(Oircuit OOU'l"t, N. D. illinois, S. D.
In support of prior use st't up as a. defense to a bill for infringement of letters patent No. 371,524, of October 11,1887. to Elias Smith, for an induction coil, whereby a current of elt'ctricity may be used with advantage to deaden the pain caused by dental operations, defendant showed that one Grimes, a dentist, had in 1859 taken a galvlmic battery and attached to it a third wire which in turn he attached to the operating instrument, and that the apparatus was successfully worked to prevent pain in dental operations in the same manner as in the Smith patent. He used the apparatus for about a year, and thEm abandoned it until August, 1887, when he took it up again after the Smith machine had gone into Use. 'rhe only witness to this effect was Grimes himself, and he was unable to produce his apparatus. It was also shown that Grimes had copied bodily the certificates contained in Smith's circulars as to the value and usefulness of that'patent, and had used them to advertise the , machines made by himself in 1887. Held, that the evidence failed to establish prior ulle. ; Defendant also showed by one Froeckman that he, F .. had made' batteries with three ,wires, similar to those of Smith, as early as 1873, and that battel'ies of his m,ake had been used about that time in a, dime museum in, St. Louis, and on the streets of that city by one James or Jacques, asort of street fakir, to cure toothache, earache, neuralgia, etc. The battery was, however, not produced,although.it was shown to be in the possesllion of Jacques' widow, in St.Louis, and the case was tried in Peoria, Ill. . The widow also testified that the battery had but two wires,'and in this she was corroborated 'by ,two other witnesses. Held,that the evidence did not establish prior use.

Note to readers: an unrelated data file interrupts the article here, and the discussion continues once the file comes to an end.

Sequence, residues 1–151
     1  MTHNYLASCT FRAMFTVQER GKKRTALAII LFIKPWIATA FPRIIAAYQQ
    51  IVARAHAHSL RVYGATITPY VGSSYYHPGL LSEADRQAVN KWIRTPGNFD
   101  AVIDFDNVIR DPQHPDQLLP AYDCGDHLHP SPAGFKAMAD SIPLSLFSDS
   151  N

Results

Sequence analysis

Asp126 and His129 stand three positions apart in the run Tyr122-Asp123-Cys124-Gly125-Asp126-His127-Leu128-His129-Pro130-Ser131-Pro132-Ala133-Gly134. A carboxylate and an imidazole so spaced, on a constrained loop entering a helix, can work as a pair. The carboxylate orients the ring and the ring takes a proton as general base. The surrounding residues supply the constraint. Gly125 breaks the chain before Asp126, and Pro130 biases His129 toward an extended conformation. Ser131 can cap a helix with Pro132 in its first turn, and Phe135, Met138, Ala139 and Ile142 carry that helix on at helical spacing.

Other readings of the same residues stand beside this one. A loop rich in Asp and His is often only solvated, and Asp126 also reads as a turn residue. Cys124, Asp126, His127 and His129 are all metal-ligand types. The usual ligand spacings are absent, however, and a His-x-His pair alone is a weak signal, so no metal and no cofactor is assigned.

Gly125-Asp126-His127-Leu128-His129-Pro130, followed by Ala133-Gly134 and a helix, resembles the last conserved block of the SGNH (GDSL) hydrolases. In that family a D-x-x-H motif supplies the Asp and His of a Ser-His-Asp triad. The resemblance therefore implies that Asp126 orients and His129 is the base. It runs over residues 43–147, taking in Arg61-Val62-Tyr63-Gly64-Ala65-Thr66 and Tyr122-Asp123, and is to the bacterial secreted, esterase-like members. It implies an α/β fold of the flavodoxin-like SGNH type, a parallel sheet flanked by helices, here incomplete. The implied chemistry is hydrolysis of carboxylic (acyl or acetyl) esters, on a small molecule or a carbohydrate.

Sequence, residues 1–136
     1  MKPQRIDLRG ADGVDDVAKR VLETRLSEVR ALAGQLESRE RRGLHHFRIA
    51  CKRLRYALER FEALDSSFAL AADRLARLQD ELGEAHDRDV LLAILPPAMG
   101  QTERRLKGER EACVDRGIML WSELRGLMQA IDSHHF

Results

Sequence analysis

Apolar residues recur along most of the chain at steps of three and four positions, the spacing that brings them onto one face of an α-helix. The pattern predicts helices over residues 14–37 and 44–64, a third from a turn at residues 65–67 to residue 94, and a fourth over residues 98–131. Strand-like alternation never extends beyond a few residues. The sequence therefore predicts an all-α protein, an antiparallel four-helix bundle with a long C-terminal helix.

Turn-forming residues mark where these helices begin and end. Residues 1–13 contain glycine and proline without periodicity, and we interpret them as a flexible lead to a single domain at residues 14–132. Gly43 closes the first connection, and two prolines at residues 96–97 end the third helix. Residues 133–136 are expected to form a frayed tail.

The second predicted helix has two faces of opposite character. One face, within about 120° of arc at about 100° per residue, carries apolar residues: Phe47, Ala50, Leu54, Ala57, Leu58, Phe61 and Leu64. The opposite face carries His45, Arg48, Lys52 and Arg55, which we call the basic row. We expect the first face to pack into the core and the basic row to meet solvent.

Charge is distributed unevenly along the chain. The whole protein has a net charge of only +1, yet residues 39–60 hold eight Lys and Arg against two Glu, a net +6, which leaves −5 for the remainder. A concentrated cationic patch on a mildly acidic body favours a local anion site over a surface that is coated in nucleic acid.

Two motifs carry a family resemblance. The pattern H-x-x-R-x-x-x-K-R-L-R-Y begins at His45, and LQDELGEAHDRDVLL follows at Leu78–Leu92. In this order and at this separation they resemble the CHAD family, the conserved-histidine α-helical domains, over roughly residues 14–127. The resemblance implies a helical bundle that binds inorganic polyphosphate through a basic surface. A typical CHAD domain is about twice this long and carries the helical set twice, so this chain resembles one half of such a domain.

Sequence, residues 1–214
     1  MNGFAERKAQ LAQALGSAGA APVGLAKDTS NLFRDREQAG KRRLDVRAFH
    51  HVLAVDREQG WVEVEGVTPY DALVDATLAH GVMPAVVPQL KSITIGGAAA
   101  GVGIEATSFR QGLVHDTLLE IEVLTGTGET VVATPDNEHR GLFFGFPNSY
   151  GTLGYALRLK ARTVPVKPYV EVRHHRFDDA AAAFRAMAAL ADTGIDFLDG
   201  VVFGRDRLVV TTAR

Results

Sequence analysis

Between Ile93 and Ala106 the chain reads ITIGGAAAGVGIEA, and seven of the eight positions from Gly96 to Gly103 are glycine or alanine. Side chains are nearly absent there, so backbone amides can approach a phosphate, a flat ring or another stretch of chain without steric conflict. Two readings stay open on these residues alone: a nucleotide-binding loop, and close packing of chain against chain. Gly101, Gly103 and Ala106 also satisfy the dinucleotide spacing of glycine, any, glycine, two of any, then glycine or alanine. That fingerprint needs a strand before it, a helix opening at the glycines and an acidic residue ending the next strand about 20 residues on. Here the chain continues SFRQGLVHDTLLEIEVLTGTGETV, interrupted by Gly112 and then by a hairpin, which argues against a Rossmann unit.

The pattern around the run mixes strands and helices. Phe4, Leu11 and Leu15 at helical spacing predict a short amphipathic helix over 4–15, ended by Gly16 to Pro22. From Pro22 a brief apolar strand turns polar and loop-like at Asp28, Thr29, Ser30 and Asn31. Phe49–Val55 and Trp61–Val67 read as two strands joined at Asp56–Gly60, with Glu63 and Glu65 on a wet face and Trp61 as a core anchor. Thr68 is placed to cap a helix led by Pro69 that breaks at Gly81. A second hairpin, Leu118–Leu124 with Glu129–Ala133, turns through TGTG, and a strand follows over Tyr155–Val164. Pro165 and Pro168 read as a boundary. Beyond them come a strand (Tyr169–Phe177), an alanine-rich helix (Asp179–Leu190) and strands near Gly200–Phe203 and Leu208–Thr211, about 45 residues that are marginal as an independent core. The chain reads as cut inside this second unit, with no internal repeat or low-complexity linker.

PATENT8 FOR INVENTION8-PATENTABIJ,ITY-PRIOR USE.
In Equity. Bill for, infringement. Hi, W. ,Well8, for complainants. ,0. N. M'megan, for respondent.
J. In this case defendant is charged with the infringement ofpatent No. 371,524, granted October 11, 1887, to Elias Smith, assignor or one-half to Fred. ,Kimble, for an induction coil. The pose of the invention, as stated in the specifications, is to produce means whereby aCUlTent of electricity may be used with advantage to deaden the pain caused by dental operations. The apparatus, described at length in the specifications and drawings, consists of a galvanic battery,;with two jars and provision for raising and lowering the cells into the jars, with wires leading from the cells to the poles, and from the poles are insulated wires terminating in electrodes, which are to be taken in the hands ofthe patient. The current from the positive pole is divided, and a third wire is taken from this pole and attached to the forceps or other instrument with which the dental operation is to be performed, and, when in use, the cells are dropped, by a device shown, into the liquid; so as to create the galvanic current. The patient takes the two electrodes, one in each hand, while the operator applies the forceps, or other instrument, to which the third wire is attached, to the tooth or other part upon which the operation is to be performed; the effect being, as is claimed, to deaden the nerves to suchan extent as to make